General contractor pricing guide
If you’re a general contractor, you know that your job never ends. Being tasked with overseeing every aspect of a construction project and responsible for its successful completion is no small challenge.
Having the ability to price a wide range of construction jobs is a skill that every general contractor needs, but it takes time to develop. Luckily, consulting general contractor pricing guides can help.
If you need guidance when it comes to pricing construction jobs, you’ve come to the right place!
In this general contractor pricing guide, you’ll learn:
- How to price contractor jobs.
- Factors to include in your general contractor estimate.
- The typical contractor markup on subcontractors.
- Average contractor rates to give you a starting point.
You can take what you learn from this guide and customize it with your business standards to create a general contractor pricing guide that will serve your business’s specific needs.
Once you’re done, you’ll have the knowledge to price all of your general contractor jobs quickly and efficiently.
Table of contents
How general contractors estimate jobs
Customers always have questions about construction project costs, and these questions never seem to stop, even when you get started on the job.
As a general contractor, you know that it takes time, experience, and knowledge to give your customer the right answers. The best way to do that is by providing an accurate cost estimate so that you both agree on a fair price before diving into the project.
Providing an accurate estimate helps ensure customer satisfaction, resulting in repeat customers and more revenue for your business. But how do general contractors estimate jobs?
What do general contractors do?
Image credit: Anete Lusina via Pexels
First, you have to understand your job as a general contractor. Every customer will have different needs, and it is up to you to set your boundaries and outline what your business does. General contractors are tasked to supply crucial elements to a construction project, such as:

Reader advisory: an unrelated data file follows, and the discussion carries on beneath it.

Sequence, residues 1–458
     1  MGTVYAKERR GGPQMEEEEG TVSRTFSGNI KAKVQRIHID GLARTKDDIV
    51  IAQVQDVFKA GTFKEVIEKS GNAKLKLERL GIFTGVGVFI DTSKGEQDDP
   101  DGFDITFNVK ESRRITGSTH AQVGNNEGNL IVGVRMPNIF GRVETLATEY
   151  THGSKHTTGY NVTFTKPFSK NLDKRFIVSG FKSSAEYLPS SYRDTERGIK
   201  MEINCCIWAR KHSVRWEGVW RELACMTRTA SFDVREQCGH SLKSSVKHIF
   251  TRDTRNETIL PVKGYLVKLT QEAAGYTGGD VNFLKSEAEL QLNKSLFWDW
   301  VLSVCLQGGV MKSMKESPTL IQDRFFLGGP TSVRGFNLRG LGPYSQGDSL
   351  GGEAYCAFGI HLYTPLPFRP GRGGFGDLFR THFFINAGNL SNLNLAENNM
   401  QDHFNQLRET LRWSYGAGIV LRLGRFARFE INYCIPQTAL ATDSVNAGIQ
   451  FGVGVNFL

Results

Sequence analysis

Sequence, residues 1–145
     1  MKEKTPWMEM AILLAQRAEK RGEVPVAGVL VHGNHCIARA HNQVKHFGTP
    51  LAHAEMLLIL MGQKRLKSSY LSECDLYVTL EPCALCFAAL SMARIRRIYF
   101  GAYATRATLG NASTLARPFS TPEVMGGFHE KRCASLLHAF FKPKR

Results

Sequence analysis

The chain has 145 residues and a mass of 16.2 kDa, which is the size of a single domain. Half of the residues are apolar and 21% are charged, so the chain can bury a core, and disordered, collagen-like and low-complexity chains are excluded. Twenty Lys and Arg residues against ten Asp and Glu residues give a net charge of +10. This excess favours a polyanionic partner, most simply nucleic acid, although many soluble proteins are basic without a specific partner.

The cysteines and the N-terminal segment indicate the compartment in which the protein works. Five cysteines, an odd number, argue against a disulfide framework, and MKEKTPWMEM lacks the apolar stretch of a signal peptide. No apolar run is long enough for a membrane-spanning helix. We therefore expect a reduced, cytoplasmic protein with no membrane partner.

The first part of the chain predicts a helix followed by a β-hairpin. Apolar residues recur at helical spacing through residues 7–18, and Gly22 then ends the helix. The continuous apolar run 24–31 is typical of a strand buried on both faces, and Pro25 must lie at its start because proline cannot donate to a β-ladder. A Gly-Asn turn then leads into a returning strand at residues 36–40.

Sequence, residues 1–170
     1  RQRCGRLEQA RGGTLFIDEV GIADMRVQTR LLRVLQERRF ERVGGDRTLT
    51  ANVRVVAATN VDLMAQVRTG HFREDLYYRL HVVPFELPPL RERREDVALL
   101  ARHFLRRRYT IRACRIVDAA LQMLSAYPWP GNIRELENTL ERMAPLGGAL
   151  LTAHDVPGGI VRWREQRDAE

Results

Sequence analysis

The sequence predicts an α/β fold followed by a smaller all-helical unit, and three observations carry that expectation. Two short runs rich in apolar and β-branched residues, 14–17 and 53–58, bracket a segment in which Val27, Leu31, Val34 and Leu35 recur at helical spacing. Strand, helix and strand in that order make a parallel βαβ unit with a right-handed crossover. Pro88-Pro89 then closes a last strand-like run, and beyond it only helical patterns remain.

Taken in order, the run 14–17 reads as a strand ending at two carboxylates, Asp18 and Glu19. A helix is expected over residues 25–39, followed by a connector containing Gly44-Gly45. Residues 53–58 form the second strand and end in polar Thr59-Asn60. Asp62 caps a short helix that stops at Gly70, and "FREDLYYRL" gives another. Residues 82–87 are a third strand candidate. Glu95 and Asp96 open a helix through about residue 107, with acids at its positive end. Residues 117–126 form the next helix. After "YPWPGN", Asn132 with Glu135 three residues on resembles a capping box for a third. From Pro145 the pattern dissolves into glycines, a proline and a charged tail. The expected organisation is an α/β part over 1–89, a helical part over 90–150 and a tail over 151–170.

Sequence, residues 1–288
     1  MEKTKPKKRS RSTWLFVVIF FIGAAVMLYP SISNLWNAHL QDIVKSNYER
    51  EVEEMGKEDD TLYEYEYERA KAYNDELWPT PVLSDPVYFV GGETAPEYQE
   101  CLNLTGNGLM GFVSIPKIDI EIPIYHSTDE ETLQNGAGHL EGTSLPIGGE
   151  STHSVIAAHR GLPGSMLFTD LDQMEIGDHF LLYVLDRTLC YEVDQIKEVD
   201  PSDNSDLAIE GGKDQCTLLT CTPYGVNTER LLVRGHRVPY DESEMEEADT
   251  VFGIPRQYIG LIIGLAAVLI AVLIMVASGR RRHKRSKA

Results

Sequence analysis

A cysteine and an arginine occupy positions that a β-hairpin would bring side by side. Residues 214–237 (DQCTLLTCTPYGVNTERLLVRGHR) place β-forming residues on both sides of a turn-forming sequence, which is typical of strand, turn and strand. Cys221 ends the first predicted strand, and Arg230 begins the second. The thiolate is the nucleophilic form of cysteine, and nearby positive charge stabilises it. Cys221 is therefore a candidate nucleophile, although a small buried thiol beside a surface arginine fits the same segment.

It is possible that as a general contractor that you might provide these services yourself if you have your own or are affiliated with a construction company. If you aren’t, then you are responsible for hiring subcontractors and supervising them to ensure that they complete the job. Even if you do have a construction business, depending on the needs of the job, you may need to subcontract other aspects beyond your scope, such as:
Developing good relationships with different subcontractors is a huge factor in determining your success as a general contractor. You want to have a list of trusted trade professionals who you know will deliver great results at a reasonable price. Creating a general contractor pricing guide that includes the contact information for all of the subcontractors you’ve worked with in the past will make it easier to create estimates in the future. Now when it comes to actually estimating the price of a job, there are several techniques that you can use. Two of those techniques are:
- Stick estimating.
- Unit price estimating.
Let’s discuss which one may work best for your business.
Method #1: Estimating by stick
Stick estimating involves counting every piece of material and determining every hour of labor. This technique will give you the most accurate estimate. That being said, for some projects estimating by the stick can be very time-consuming, and therefore inefficient. It can also lead to oversights and other problems if you don’t account for possible obstacles. Many contractors use this method when they first get started, then eventually move onto estimating by unit price. For others, the reliability of estimating by the stick fits best with their business processes and calculations.
Method #2: Estimating by unit price
Unit price estimating involves dividing a project into various elements to estimate costs. You then assess the cost of each individual element and sum them all up to get the total construction project cost. This method of estimating is best used for simple jobs that require most of the same material or in buildings where most of the room space is occupied by standard-sized identical units. Here are some examples of situations where estimating by unit price is the most efficient method:
- Roofing: cost per square foot.
- Drywall hanging: cost per square foot.
- Commercial office renovation: cost per workstation.
When using this method, you must rely on past similar projects to estimate the total cost of the current project. These past projects should be no more than a year old to have the most up-to-date costs. Be aware that although this method is efficient and a good way to attain a ballpark figure, it’s not the most reliably accurate way of estimating project job costs. If not estimated right, you may end up with an actual cost that greatly differs from the estimated cost. Your general contractor pricing guide is a great place to keep the standard unit costs from past projects. You can also use it for estimating by the stick if you have the price of standard materials and subcontractors’ labor rates. Now that you know the different ways general contractors estimate jobs, let’s move on to what you should include in an estimate.